I agree with SWOT. Love can not conquer all. You and your son and his wife should be commended for loving caring and adopting this beautiful child. Nothing you did was wrong and more importantly 110% right. Love just doesn't always fix everything.

    Keep posting and I hope as she progresses through puberty and care they get a handle on what is happening and find a successful treatment plan.

    Big hugs.
     
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  7. recoveringenabler

    recoveringenabler Well-Known Member Staff Member

    I raised my granddaughter from 11 on. I was in her life for her whole life and I was a major caregiver for her for her whole life. She was, like your granddaughter a sweet child. When she hit puberty, that all changed. She was also diagnosed with ODD, which as someone mentioned, can be a catch all and early diagnosis. We got her in therapy. We sent her to religious camps. We got her involved in peer groups and sports. It all helped. However, she was difficult until she turned about 17-18 when it began mellowing out.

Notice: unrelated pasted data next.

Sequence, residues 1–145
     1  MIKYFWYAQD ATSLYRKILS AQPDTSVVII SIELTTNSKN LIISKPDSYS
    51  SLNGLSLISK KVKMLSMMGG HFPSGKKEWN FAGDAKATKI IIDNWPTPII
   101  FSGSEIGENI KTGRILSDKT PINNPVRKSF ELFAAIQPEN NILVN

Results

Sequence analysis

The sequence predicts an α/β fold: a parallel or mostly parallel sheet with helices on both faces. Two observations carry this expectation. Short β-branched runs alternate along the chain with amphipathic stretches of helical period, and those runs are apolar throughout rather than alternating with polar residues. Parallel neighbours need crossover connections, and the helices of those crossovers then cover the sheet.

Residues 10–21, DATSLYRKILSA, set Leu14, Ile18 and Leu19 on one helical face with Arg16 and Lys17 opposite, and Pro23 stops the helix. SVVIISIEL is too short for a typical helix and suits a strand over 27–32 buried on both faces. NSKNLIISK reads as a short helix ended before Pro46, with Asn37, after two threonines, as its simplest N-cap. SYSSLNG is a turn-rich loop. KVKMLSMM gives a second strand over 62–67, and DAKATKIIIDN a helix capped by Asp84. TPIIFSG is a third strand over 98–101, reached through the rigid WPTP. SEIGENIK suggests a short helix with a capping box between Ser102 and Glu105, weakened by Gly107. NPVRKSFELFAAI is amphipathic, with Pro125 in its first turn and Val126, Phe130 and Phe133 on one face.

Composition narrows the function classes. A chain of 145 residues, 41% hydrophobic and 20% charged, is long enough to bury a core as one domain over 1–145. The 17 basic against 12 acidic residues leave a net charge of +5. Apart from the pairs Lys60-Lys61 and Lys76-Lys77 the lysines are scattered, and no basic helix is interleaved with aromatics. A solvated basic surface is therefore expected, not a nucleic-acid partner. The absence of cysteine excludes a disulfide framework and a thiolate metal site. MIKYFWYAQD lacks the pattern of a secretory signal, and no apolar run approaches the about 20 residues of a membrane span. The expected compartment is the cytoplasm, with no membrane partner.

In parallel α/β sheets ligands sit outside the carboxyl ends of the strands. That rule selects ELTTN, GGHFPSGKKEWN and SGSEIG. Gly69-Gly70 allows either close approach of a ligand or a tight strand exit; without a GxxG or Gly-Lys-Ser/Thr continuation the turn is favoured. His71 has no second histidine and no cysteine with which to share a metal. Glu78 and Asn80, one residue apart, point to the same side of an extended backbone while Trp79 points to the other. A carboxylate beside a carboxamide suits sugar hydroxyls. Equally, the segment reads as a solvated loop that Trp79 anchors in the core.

Her early therapist told us that she would likely have to "discover her roots" at some point and that point emerged when she was in the 9th grade. (Her Dad committed suicide when she was 3 and her Mother, my daughter, went south after his death and really never returned to normal)......My granddaughter spent one year with her paternal grandmother at 14 years old. It seemed very important to her to find out if she was like them, or like our side of the family, she was trying to find herself. I understood. When she returned, she was different. She had worked something out for herself, within herself.

    Here's my take on it......I think puberty is tough for typical kids, but when there are "issues" of abandonment, whether thru adoption or whatever reason they're not living with their parents.... I believe puberty is when the child is old enough to become cognizant of their reality from a different perspective. The typical process of detaching from parents becomes uber intense, passionate and deep for them. They are desperate to fit in and to find out who they are. You might find benefit from reading Reviving Ophelia: Saving the lives of adolescent girls by Mary Pipher. It's very informative and will help you to see the pressures they face today. From observing my granddaughter's process, I believe she needed to connect with the various players and come to her own terms about all of it. As time went by she mellowed out and began identifying herself with her Mother's side of the family, and managed to work it out in some fashion with her Dad's family too. The lines of communication were always open for her to discuss how she felt, we were very open and honest.